Generous donation by the Edwin L. Wiegand Foundation
One million dollars to set up the new Vasari Corridor, on which refurbishment work is currently underway. The sum was donated by the Edwin L. Wiegand Foundation of Reno, Nevada, represented by Raymond Avansino, Chair and Chief Executive Officer, and Marisa Avansino, Co-Vice Chair and President. The agreement was signed in the Vasari Auditorium of the Uffizi Galleries. “My heartfelt thanks to Raymond and Marisa Avansino and the Edwin L. Wiegand Foundation. Their generous donation will be used to complete the restoration of the Vasari Corridor”, explained the Director Eike Schmidt. “In particular, it will be used to create the displays that will transform it into a true walk down memory lane, from the Roman epigraphs and marble portraits of Classical Antiquity, to the detached 16th-century frescoes, from the commemorative space of the Night of the Bridges (4 August 1944), to the space dedicated to the Georgofili Massacre (27 May 1993). These attacks deeply wounded the Vasari Corridor, along with the entire city of Florence. We also owe our commitment to the victims of 1993 to keep the works going, so that the inauguration of the restoration will take place on the next anniversary of the Georgofili massacre”.
THE NEW LAYOUT
Due to the prohibition by the Fire Brigade to introduce flammable material, no paintings will be exhibited in the 'new' Vasari Corridor. Instead, the Uffizi's formidable collection of ancient Greek and Roman marble epigraphs, which until now had remained in storage, will finally be brought back to light. This collection includes almost three hundred marble inscriptions, Greek and Latin, which formed the core of the Grand Ducal Epigraphic Museum founded between the 17th and 18th centuries, with a few additions from the early 19th century. This recreates an epigraphic collection that has been widely renowned in scientific literature and by travellers since the 18th century. It is one of the oldest collections exhibited in an Italian public museum. The epigraphs remained on display at the Uffizi for nearly three centuries, until 1919, when the collection was dismantled and then put into storage. Its reconstruction in the Corridor just above Ponte Vecchio will be supplemented with didactic aids in line with today's accessibility criteria. Thanks to the addition of Hellenistic and Roman sculptures, just as in the 'original' by Vasari, the Corridor will become, to a large extent, a new and exciting archaeological route. And that’s not all: it will also include the 16th-century frescoes (detached and put into storage in the 19th century) that used to decorate the outside of the passageway in the section overlooking the Boboli Gardens.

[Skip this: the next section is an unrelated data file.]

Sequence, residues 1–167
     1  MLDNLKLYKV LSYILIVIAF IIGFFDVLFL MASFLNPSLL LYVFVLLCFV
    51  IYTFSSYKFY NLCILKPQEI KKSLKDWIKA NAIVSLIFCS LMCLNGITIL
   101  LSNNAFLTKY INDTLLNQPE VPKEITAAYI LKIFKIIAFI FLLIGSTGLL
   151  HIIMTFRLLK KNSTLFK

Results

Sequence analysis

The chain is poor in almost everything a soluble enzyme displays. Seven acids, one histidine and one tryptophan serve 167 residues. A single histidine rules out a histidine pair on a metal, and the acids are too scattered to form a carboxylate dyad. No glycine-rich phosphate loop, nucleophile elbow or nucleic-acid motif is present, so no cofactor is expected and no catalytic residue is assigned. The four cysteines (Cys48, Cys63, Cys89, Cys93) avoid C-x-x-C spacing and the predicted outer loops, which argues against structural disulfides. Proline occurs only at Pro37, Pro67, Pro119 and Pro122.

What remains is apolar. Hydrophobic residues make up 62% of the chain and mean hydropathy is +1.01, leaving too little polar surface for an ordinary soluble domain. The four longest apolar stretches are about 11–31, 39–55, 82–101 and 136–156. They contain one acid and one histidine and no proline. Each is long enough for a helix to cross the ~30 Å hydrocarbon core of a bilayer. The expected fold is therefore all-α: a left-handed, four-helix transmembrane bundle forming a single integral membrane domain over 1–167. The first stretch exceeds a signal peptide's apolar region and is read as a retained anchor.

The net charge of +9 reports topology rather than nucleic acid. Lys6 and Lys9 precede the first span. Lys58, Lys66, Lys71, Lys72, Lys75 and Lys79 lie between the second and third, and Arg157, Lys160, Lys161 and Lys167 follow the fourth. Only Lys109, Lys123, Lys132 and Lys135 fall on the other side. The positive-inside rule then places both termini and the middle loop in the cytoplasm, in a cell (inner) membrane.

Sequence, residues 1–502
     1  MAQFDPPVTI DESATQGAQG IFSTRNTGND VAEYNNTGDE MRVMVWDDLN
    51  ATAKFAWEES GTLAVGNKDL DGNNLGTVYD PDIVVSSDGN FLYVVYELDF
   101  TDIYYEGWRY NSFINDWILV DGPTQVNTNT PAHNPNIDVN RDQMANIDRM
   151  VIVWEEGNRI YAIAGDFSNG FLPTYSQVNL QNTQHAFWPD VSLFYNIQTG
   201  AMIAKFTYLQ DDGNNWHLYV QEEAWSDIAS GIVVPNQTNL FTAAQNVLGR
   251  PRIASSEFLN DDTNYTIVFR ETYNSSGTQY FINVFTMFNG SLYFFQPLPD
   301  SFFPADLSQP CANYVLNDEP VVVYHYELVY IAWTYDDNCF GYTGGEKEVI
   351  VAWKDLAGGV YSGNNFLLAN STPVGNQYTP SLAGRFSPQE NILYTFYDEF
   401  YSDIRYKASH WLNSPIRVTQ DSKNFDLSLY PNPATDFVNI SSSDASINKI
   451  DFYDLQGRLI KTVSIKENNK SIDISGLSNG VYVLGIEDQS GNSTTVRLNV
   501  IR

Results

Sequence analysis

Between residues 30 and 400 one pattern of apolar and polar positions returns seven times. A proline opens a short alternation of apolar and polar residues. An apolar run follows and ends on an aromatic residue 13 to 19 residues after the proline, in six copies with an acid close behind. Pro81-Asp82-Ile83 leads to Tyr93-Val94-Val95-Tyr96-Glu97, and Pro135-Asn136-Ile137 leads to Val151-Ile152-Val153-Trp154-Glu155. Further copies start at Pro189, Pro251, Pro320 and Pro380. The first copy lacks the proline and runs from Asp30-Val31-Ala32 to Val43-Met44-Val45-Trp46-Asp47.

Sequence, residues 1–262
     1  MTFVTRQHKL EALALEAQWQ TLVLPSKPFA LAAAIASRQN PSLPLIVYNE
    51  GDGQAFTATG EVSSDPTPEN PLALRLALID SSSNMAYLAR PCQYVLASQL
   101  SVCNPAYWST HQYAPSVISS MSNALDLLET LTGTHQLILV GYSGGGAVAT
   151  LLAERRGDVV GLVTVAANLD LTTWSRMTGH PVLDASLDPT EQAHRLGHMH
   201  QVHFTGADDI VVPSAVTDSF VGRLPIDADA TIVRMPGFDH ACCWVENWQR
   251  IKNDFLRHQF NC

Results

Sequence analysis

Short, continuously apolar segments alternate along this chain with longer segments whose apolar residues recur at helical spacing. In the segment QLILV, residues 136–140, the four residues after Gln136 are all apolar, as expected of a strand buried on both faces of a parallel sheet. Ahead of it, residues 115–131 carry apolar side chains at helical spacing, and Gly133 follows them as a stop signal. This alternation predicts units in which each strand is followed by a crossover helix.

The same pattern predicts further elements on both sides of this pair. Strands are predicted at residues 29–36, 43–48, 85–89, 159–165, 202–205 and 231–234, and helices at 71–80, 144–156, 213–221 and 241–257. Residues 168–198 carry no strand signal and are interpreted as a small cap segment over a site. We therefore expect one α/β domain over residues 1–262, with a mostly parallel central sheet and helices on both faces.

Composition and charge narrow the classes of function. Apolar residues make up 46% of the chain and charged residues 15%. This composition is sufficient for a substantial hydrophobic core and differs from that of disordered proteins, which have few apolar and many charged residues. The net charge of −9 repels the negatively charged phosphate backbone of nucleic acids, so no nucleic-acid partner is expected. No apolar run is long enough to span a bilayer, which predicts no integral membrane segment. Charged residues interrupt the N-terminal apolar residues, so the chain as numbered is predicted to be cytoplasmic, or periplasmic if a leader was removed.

During the last century, this unique architectural structure has been affected by two dramatic events in the history of Florence. Firstly, on 4 August 1944, during the Second World War, the Nazi troops destroyed the buildings on both banks of the Arno at the ends of Ponte Vecchio, causing the collapse of a part of the Corridor. Secondly, the Mafia explosion on 29 May 1993 caused the death of five citizens and serious damage to the Uffizi Gallery and its heritage. For these reasons, two sectors of the Corridor - in correspondence with the places devastated by those tragic episodes - will be destined to house memorials bearing witness to these tragedies and serving as a warning for the future.
But there’s more: the interior of the Corridor will also house the 16th-century frescoes (detached and put into storage in the 19th century) that once decorated the outside of the passageway in the section overlooking the Boboli Gardens, together with a selection of Hellenistic and Roman sculptures, just as it used to be in the 'original’ by Vasari.
THE REFURBISHMENT WORK
As it turned out after the start of the refurbishment work, the necessary interventions had to achieve four goals: improving structural safety through a consolidation work on the masonry structures; adapting the building to fire prevention regulations through a set-up without combustible materials, reopening and retrofitting pre-existing vertical connections and constructing new emergency routes within the historic structures; making the Corridor universally accessible through flattened floor routes and the construction of lifts; adapting the systems and energy containment through the construction of mechanical air-conditioning systems and the use of geothermal energy.
The progress and timing of the operations, which started in the midst of the pandemic at the end of 2021, were affected by the discovery of a structural damage that required a major consolidation work, including the insertion of numerous chains, particularly in the areas damaged due to the explosions of 1944 and 1993. Nevertheless, something positive happened during the works, as were uncovered portions of the original Vasari floor and other 16th-century elements of the Vasari Corridor, such as large portions of the original terracotta, ancient plaster, and parts of stone masonry. These architectural findings, whose historical importance has been confirmed by archive data, made it necessary to plan and approve a variant of the project in order to preserve and leave visible these original elements.
The work has now reached a point where it will soon be possible to put on display the pieces in the various sections of the Vasari Corridor.
VASARI CORRIDOR: FROM CLOSURE TO ONGOING WORK FOR REOPENING
2016: closure to the public by the Fire Brigade Command for safety reasons (no emergency exits and disabled accessibility)
2019: presentation of the adaptation and refurbishment project with a view to reopening to the general public
2020: launch of the public tender for the project with an approximate value of 10 million euros
End of 2021: start of refurbishment work.